WWU to Celebrate Legacy of Martin Luther King Jr. on Jan. 16

  • Western will honor the legacy of the Rev. Martin Luther King, Jr. with an event titled “We are not the makers of history. We are made by history,” on Tuesday, Jan. 16, featuring educator, scholar, writer and spoken word artist Walida Imarisha.
Western will honor the legacy of the Rev. Martin Luther King, Jr. with an event titled “We are not the makers of history. We are made by history,” on Tuesday, Jan. 16, featuring educator, scholar, writer and spoken word artist Walida Imarisha.

Western Washington University will honor the legacy of the Rev. Martin Luther King, Jr. with an event titled “We are not the makers of history. We are made by history,” on Tuesday, Jan. 16, featuring educator, scholar, writer and spoken word artist Walidah Imarisha.

The event, free and open to the public, begins at 7 p.m. with doors opening at 6:40 p.m. on Jan. 16 in Western’s Performing Arts Center Concert Hall.

Imarisha will lead participants through a timeline of Black history in the Northwest, particularly the 19th century Oregon Territory, of which today’s Washington state was a part. She will talk about how history, politics and culture have shaped – and will continue to shape – the landscape not only for Black Northwesterners but all Northwesterners.

Event MCs will be Western students Shaneen Walter Edwards and Josiah Scott. Music will be provided by WWU student A Capella Club, “Major Treble.” A reception will follow the event in the PAC Main Lobby.

Imarisha has edited two anthologies, “Octavia’s Brood: Science Fiction Stories From Social Justice Movements” and “Another World is Possible.” Imarisha’s nonfiction book “Angels with Dirty Faces: Three Stories of Crime, Prison, and Redemption” won a 2017 Oregon Book Award. She is also the author of the poetry collection “Scars/Stars.” She is currently working on an Oregon Black history book, forthcoming from AK Press.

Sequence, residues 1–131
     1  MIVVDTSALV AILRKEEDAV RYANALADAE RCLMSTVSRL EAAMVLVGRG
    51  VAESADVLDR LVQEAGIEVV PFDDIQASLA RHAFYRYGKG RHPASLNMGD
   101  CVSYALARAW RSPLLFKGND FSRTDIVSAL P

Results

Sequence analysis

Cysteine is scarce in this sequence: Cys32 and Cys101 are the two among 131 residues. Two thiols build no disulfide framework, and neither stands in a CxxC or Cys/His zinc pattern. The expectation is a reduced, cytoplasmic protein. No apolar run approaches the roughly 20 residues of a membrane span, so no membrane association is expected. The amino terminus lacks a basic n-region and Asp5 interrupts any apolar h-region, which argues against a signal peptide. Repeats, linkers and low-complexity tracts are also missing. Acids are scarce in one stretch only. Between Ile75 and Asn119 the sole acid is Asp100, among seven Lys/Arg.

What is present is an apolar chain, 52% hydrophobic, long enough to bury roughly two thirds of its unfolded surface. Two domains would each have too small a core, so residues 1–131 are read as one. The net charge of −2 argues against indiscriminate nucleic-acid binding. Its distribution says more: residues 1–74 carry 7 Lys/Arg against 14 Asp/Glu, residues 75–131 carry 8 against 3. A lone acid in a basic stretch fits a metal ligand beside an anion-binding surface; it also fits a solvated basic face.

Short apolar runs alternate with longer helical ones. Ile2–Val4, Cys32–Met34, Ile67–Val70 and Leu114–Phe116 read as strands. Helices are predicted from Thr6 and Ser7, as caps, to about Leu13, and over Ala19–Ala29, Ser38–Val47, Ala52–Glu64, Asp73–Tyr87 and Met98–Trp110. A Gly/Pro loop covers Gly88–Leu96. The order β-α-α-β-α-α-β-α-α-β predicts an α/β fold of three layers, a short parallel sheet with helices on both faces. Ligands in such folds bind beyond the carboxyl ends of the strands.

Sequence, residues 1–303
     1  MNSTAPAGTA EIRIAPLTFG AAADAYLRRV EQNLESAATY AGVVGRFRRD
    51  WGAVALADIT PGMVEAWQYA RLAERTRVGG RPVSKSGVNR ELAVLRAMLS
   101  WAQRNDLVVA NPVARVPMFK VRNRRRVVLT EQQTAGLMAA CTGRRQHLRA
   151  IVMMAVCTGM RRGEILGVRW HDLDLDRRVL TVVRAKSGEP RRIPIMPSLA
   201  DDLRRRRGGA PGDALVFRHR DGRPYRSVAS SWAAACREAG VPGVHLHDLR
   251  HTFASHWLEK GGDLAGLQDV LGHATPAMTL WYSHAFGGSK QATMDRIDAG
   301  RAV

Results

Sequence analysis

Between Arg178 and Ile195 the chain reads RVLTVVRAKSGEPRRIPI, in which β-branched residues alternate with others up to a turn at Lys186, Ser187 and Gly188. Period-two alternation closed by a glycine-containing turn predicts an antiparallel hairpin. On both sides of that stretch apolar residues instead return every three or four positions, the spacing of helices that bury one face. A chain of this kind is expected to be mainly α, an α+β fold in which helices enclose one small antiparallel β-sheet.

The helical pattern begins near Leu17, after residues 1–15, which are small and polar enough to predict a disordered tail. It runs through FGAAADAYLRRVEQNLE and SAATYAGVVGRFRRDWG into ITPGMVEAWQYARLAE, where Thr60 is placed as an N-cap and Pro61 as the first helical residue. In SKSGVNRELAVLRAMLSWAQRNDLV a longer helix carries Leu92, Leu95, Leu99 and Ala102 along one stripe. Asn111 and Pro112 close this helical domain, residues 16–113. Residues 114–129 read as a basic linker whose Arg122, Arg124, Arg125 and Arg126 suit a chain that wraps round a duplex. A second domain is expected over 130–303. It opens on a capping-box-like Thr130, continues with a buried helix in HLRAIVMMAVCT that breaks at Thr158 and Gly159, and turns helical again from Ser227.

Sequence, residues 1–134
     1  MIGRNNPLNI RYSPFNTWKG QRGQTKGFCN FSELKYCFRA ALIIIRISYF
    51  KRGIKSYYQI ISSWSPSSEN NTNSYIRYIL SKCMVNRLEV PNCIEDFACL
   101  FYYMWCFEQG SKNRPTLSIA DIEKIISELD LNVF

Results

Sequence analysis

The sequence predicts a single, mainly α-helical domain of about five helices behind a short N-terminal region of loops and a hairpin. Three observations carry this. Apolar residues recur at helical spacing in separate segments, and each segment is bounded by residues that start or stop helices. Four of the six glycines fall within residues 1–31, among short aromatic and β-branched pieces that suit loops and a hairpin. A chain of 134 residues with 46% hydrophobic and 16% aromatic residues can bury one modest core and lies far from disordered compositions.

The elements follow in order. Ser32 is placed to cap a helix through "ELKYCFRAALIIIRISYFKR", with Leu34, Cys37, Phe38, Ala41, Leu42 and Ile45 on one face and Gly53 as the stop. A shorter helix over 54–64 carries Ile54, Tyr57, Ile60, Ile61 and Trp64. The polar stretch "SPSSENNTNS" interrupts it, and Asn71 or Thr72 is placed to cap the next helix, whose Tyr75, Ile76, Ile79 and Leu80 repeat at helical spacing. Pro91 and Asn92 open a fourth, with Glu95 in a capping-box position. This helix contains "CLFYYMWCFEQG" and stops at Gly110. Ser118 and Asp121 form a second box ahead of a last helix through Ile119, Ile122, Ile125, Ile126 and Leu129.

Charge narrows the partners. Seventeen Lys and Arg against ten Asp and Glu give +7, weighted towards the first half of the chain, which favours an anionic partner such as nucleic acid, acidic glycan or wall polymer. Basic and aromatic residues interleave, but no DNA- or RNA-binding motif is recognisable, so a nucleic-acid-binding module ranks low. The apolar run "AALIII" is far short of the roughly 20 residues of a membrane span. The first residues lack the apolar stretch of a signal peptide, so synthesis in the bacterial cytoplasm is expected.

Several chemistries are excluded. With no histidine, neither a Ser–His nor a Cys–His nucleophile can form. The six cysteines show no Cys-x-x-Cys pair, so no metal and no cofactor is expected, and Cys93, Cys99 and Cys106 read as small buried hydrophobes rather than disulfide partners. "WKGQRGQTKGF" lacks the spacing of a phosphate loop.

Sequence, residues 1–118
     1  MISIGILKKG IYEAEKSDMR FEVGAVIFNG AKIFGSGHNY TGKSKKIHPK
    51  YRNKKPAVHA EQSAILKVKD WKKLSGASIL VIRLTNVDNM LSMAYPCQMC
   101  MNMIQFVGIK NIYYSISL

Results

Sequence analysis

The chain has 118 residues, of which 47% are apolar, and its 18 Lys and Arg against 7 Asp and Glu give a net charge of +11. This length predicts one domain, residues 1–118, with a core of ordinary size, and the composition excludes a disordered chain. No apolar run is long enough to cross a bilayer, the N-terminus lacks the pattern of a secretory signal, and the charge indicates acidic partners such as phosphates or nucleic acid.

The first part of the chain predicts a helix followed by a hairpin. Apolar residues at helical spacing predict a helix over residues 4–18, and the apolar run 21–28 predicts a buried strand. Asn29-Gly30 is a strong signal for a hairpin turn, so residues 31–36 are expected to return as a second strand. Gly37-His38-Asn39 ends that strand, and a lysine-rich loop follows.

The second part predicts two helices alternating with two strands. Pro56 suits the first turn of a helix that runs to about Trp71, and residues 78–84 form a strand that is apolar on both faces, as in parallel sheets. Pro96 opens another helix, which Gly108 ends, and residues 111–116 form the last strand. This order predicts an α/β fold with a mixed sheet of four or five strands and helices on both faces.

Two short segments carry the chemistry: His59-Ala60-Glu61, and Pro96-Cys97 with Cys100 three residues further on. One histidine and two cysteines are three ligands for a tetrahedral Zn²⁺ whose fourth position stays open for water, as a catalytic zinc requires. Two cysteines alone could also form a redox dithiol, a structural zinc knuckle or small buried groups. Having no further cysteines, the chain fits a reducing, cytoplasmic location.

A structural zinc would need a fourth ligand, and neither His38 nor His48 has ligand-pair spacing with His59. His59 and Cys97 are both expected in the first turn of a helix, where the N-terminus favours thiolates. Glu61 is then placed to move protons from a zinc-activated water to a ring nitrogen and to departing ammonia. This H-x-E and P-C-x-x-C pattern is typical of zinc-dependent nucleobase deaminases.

Imarisha has taught in Stanford University’s Program of Writing and Rhetoric, Portland State University’s Black Studies Department, Oregon State University’s Women Gender Sexuality Studies Department, and Southern New Hampshire University’s English Department.

For six years, she presented statewide as a public scholar with Oregon Humanities’ Conversation Project on topics such as Oregon Black history, alternatives to incarceration, and the history of hip hop.

She has toured the country several times performing, lecturing and challenging, and has shared the stage with folks as different as Angela Davis, Cornel West, Amiri Baraka, Nikki Giovanni, Kenny Muhammed of the Roots, Chuck D, Michael Franti and Spearhead, Robin D.G. Kelley, Umar bin Hassan from The Last Poets, Boots Riley, Saul Williams, Ani DiFranco, John Irving, dead prez, Rebecca Solnit, and Yuri Kochiyama.

Parking enforcement will be suspended in all campus lots from 6:30 – 10:30 p.m. the night of the event, Jan. 16, with the exception of load zones, disability and reserved spaces.

WWU is an equal opportunity institution. For disability accommodation, please contact disAbility Resources for Students, Old Main 120, 360-650-3083 (voice) or 360-650-7175 (VP), drs@wwu.edu

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Tuesday, January 9, 2018 - 11:59am